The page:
n Shiv Visvanathan
One of my great disappointments with science in India has been with the role of the national academies. Academies as representing the best of the profession should be conversant with both the logic of inner competence and the wider relations between science and society. The history of Indian academies has been generally dismal. The academies have become more sites of internal war between scientific factions like the Raman and Saha groups than efforts to add a sense of vocation to the profession. In fact, the academies split into factions representing regional interests rather than pursuing the interests of the profession. When Jairam Ramesh was minister for environment, he requested various academies to produce a report on biotechnology and agriculture. What he got was a piece of plagiarism filched from some piece of corporate reporting. The irony was not lost on the peasant and other social movements who did their best to put their scientific evidence forward. The contrast was stark. The academies were playing plagiarist while the laymen were seeking to sustain scientific argument.
Of late, things have been improving. The Indian Science Academy in Bengaluru has not only allowed its journal Current Science to be a focus for open debate, but is creating another journal to debate the links between science policy and society. As a professional initiative of its current president, this move is a welcome one. In fact, Ramakrishna Ramaswamy has been not only an outstanding mathematician, but, as a university don, deeply concerned with the fate of the university. Mr Ramaswamy’s understanding of institutions is an acute one and his stands have been courageous. A recent speech he gave about the future of the university was moving and worrying as the current regime tries to paralyse the everyday functioning of research. The BJP’s misunderstanding of science stems not merely from its misreading of ancient science, which is bad scholarship, but from its incapacity to understand the research process as a continuous system which needs money and norms to sustain both discipline and curiosity. The tragedy of the Indian university has reached pathetic proportions as both the syllabus and research system go out of its control.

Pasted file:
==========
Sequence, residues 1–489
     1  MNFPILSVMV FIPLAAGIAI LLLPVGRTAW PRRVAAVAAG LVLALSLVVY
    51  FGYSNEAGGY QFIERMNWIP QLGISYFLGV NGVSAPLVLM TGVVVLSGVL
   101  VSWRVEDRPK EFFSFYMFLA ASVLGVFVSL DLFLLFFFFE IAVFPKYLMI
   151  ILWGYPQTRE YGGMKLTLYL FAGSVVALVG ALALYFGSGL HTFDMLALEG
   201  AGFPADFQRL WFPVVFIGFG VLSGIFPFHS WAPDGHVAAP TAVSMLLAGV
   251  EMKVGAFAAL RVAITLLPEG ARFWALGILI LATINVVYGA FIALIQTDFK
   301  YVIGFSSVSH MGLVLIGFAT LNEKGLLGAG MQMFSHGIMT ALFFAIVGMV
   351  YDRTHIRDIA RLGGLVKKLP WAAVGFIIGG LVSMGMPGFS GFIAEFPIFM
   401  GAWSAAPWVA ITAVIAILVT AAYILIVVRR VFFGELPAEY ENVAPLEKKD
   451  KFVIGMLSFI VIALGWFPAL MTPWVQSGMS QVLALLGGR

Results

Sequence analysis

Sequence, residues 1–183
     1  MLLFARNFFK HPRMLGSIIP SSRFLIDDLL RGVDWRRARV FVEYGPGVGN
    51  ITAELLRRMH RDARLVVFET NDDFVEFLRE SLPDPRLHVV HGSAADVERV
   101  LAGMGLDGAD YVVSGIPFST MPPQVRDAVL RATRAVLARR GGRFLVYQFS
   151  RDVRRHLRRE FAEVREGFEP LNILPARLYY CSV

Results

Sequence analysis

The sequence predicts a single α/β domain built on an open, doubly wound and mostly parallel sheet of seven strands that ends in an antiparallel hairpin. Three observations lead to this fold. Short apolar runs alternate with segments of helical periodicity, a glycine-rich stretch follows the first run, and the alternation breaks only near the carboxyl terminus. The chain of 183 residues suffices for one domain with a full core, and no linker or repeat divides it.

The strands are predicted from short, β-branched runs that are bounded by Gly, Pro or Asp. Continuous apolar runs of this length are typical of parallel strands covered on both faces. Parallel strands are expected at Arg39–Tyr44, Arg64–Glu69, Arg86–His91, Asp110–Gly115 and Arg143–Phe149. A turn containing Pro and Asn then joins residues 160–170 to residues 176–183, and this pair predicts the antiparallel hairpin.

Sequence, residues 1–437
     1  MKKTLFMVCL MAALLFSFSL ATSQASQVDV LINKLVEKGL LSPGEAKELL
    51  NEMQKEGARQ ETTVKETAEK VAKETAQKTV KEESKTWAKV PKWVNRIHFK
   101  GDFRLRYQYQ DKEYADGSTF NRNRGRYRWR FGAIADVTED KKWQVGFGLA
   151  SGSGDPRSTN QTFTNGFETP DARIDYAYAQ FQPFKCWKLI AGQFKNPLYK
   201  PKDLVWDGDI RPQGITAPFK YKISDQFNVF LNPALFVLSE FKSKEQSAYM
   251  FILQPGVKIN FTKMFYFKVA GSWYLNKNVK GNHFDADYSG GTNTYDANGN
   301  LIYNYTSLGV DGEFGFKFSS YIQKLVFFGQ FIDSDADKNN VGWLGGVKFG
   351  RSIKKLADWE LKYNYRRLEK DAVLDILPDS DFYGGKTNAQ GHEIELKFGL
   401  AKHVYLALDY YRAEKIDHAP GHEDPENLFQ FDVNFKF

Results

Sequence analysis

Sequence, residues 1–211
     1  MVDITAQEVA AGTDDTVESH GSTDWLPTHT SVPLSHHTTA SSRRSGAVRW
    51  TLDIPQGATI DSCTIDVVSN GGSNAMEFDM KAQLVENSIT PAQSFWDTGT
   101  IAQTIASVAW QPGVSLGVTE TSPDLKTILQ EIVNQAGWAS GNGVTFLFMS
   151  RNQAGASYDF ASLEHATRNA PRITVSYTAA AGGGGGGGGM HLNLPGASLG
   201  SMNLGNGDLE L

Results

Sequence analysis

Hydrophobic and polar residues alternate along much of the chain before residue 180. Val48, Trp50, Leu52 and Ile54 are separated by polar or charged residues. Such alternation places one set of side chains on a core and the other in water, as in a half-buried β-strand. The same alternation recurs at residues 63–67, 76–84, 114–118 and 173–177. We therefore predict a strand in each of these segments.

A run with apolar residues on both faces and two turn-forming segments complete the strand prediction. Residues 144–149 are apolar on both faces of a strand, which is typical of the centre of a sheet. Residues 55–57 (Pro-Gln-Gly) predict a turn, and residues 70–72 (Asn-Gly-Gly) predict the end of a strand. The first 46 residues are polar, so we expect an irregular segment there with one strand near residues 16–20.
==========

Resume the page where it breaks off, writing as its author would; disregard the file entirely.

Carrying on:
In this context, the academy’s attempt to produce a document outlining a research code for science is welcome. The ethics document as an exercise is a beginning and one hopes that it becomes a template for a richer and more complex document. One also hopes it opens a conversation between science and civil society. I realise that professional autonomy is a crucial part of a framework of ethics but the threat here is not from the people, but from a state. In fact, the BJP regime’s confusion of science and technology, and its attempt to create big science as a state spectacle destroys the little autonomies and diversities of science, which accounts for its many-sided creativity.
A debate, a conversation between science and society about ethics is essential. First, science is a part of a wider culture of rationality and reason, which the citizen must engage in. The roots of science, the logic of research, the interaction between science and technology after the industrial revolution needs to be understood. A citizen has to be involved in science and be sensitive to it. The interaction becomes more urgent as development projects like large dams, urban planning are foisted in the name of science. It is in the interest of the scientist to also participate, not only because science is no longer commons, but a peace of intellectual property. It is also subject to the constraints of corporate distortion, specially in medical research, and to the secrecy and security of defence research. Two things become urgently necessary to include within an ethical framework of science. An important set of guarantees has to be arranged both for the scientist as a dissenting imagination and as a whistleblower. Second, Indian science has to help revive the Pugwash movement against war. Pugwash, incidentally, as a conference, was set to begin in India. One needs to revive a new version of the Russel-Einstein manifesto.